The SNP will close ranks, as it always does, and will doubtless suggest that a dastardly Unionist conspiracy is afoot, but they’re rattled – the polls show a lot of Scots don’t believe Miss Sturgeon has been telling the truth.
An SNP majority, which was taken for granted for so long, may be sliding out of the party’s grasp – the grassroots and even drone-like SNP MSPs may be prepared to stomach Miss Sturgeon’s flexible relationship with the truth, but they won’t forgive her for messing up the election.
The arithmetic of the poll result in May is key to keeping the independence dream alive – they’d bang on about it if they won without a majority, but they’d be flogging a dead horse; they might even have to do boring stuff for once, like governing.
Exiling Miss Sturgeon’s consigliere to the backbenches would be a major blow just before the election, and surely the beginning of the end of Miss Sturgeon’s tenure, notwithstanding the outcomes of the Holyrood committee’s deliberations, and a standards probe.
Minister for Cover-Ups: vote could be high noon for Swinney
In this long and tawdry drama, Mr Swinney has emerged as one of the most disreputable protagonists.
Last week Scottish Tory MSP Murdo Fraser said Mr Swinney had deigned to publish the legal advice only when a gun had been held at his head, prompting a not entirely convincing fit of pique from the Deputy First Minister about the inappropriateness of the comparison.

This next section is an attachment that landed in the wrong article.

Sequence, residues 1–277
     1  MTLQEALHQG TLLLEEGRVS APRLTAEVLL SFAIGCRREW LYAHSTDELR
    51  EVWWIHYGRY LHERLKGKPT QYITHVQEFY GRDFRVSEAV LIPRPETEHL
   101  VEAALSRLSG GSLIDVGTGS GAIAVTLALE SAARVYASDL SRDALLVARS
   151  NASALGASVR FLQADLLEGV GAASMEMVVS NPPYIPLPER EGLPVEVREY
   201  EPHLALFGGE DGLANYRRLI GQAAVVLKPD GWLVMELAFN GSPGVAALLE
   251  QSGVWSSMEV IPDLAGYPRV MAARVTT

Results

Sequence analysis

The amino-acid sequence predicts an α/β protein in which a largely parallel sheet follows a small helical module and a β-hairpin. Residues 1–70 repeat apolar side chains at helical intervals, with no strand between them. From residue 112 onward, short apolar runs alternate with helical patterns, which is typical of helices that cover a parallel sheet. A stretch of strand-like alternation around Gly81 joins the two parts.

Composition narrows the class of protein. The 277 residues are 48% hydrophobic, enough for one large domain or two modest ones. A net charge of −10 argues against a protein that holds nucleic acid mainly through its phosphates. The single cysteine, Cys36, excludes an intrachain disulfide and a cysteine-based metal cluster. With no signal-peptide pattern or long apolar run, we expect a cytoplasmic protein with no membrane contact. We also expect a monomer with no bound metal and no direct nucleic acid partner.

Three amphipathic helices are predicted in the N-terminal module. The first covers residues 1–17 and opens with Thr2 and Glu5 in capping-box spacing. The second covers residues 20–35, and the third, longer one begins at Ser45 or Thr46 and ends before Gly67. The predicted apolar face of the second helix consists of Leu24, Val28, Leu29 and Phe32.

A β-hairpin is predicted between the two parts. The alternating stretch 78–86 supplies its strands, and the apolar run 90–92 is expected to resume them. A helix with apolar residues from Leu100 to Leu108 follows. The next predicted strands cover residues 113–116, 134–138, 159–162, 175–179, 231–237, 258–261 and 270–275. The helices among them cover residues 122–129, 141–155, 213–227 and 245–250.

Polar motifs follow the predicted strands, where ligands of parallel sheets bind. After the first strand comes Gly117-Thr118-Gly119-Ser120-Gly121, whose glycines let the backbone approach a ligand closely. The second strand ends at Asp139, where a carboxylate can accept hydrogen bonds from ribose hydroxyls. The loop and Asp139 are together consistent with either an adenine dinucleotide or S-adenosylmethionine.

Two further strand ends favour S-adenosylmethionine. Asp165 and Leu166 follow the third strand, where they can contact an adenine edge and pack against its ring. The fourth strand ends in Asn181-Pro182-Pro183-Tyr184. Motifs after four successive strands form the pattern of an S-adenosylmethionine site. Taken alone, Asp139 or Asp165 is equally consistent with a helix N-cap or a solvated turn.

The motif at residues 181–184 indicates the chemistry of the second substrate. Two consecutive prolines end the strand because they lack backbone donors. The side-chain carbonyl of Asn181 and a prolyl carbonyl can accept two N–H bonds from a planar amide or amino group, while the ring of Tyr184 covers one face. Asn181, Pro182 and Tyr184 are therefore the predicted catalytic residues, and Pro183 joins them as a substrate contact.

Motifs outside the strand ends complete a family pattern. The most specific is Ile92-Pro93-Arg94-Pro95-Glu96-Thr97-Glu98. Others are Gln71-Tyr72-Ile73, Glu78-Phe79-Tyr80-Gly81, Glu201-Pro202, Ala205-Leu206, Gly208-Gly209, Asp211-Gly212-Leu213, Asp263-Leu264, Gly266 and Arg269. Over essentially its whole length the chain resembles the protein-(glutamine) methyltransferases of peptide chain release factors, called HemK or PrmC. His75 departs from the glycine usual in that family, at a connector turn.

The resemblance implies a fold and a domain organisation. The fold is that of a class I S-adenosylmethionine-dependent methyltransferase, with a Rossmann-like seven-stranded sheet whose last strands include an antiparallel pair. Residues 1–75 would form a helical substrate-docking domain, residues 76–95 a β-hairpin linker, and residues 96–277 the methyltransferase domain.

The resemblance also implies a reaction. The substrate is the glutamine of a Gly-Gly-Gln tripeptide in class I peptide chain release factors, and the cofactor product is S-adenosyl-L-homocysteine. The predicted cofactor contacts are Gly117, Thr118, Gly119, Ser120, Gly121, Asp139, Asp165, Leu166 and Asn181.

When hapless Henry McLeish was First Minister, Mr Swinney accused him of ‘knifing his Labour colleagues’… well, who said politicians had to be consistent?
The metaphor was more offensive to the minister than the substance of the allegation – and in any event it’s the SNP now knifing each other rather than Labour.
Mr Swinney’s on trial, in effect, and the case against him isn’t looking good – if he consulted top lawyers now about his chances of political survival, they might be even gloomier than they were about the judicial review.
He claimed before Miss Sturgeon’s appearance at Holyrood on Wednesday that he’d released ‘all key legal advice’ from the Salmond judicial review case.
But on Friday more legal opinion was published showing Roddy Dunlop QC pleading with the government not to ‘plough on regardless’ on December 17, 2018, weeks before SNP ministers finally conceded the case.